I mentioned in my previous post how we had some American friends stay with us over the summer. One of them was a teen girl who, as teens do, used “like” every now and then. A habit I soon found myself repeating.
Then I came across an interesting article on The Economist on this very subject and I started to wonder: like, where does “like” fit in? And is it useful, or simply an irritating extra word, to be cut off a sentence with the ferocity of a gardener weeding off his prized roses?
To answer that question, we must first understand the many uses of like.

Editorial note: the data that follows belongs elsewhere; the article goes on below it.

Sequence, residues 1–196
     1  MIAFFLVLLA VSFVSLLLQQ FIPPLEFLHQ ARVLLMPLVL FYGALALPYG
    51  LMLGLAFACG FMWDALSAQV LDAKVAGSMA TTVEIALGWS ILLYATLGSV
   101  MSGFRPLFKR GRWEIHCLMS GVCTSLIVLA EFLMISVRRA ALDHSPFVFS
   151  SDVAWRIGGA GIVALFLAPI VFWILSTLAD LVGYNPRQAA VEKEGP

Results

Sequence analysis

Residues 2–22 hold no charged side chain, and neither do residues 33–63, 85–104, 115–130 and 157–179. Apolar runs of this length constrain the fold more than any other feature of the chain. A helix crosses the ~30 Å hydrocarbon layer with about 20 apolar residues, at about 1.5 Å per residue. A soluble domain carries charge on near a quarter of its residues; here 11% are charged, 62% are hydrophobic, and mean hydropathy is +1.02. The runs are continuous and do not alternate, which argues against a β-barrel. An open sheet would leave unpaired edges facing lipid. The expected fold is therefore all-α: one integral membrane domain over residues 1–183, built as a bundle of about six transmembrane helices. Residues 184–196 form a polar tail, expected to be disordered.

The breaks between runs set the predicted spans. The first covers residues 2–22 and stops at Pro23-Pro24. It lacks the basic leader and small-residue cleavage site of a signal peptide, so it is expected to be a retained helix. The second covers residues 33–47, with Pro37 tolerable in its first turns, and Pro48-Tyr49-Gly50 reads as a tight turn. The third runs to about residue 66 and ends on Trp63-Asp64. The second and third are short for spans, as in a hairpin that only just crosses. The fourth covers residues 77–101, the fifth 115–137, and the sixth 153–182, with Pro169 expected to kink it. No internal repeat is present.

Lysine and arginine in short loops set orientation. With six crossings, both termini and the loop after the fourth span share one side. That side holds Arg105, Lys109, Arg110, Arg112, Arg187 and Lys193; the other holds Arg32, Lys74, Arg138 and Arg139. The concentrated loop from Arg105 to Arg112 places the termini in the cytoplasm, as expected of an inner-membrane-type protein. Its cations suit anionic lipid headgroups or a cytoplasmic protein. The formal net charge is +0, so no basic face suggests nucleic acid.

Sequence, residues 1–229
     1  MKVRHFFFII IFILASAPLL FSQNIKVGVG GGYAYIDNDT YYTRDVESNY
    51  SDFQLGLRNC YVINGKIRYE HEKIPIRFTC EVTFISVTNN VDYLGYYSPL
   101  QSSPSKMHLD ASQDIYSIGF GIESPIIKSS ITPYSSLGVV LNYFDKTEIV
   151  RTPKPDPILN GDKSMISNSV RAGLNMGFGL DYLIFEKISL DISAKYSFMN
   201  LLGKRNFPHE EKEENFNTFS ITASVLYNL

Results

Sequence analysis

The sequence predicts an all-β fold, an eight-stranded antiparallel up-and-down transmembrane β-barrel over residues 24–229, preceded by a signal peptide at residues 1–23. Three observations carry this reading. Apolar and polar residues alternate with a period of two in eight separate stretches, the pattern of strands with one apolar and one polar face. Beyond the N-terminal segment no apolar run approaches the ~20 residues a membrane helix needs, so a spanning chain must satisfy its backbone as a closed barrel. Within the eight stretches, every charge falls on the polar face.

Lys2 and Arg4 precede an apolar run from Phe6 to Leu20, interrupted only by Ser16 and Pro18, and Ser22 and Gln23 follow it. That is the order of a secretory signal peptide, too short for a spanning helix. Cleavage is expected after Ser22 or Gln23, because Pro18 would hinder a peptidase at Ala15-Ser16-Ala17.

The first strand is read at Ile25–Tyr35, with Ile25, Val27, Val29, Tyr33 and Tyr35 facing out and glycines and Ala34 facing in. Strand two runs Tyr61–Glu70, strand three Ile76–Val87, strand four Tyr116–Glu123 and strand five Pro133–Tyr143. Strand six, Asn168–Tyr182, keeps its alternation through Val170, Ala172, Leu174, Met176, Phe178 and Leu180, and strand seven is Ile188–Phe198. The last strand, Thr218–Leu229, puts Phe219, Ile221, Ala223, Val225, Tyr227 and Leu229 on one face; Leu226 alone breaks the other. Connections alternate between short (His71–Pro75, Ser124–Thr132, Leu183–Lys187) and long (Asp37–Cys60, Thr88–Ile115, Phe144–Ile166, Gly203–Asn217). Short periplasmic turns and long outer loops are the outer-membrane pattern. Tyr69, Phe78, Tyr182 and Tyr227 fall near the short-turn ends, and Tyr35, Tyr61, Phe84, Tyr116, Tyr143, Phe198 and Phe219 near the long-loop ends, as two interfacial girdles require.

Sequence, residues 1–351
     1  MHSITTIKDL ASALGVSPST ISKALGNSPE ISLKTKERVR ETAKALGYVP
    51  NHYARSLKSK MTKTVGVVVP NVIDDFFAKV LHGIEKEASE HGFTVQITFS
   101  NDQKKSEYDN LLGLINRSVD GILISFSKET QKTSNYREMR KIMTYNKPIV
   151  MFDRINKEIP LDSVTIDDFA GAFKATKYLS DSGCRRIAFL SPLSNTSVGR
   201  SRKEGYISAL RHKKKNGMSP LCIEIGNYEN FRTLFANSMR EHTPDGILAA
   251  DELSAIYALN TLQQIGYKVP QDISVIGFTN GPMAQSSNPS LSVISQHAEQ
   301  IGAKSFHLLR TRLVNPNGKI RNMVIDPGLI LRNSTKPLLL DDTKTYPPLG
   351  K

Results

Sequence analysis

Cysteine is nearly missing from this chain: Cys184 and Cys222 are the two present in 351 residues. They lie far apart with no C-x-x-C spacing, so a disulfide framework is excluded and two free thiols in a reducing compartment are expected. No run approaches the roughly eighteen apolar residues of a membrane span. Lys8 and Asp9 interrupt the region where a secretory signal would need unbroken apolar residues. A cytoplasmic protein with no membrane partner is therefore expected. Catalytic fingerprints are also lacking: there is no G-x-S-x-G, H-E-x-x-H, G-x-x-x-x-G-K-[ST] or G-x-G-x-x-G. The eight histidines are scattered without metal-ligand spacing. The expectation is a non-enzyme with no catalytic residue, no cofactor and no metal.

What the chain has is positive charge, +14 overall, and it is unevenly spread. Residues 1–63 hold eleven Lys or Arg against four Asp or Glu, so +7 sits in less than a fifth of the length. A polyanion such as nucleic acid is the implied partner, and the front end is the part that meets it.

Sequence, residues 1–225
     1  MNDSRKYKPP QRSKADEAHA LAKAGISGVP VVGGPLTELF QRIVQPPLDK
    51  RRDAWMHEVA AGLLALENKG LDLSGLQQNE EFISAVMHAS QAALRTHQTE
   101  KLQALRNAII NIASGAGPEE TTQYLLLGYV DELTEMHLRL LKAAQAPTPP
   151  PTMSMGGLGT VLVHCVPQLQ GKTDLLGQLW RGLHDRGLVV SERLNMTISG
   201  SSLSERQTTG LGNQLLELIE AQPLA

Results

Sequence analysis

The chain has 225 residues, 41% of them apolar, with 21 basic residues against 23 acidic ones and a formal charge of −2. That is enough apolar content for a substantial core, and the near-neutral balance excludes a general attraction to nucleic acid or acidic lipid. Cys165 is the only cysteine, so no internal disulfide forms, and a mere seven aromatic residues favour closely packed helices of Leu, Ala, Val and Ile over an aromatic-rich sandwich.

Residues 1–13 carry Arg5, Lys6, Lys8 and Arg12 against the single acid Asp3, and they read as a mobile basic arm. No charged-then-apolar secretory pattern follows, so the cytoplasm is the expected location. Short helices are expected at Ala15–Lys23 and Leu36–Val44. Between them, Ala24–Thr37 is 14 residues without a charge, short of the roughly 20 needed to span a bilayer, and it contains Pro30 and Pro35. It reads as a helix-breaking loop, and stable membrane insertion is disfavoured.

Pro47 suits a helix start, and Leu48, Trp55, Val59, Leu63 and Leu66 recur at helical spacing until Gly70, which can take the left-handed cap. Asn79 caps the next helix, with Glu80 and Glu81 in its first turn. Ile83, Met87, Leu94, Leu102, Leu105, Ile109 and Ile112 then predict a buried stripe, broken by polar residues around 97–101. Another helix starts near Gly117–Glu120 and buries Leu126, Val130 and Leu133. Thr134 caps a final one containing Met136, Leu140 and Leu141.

The Beatnik Like
As The Economist explains, the first kind of like, sometimes referred to as “beatnik like,” is an expression of wonderment. It is found in decades-old exclamations such as “Like, wow, man.”
This use is now considered so rare that one scholar even considers it to have been apocryphal, more ascribed to beatniks than actually uttered by them.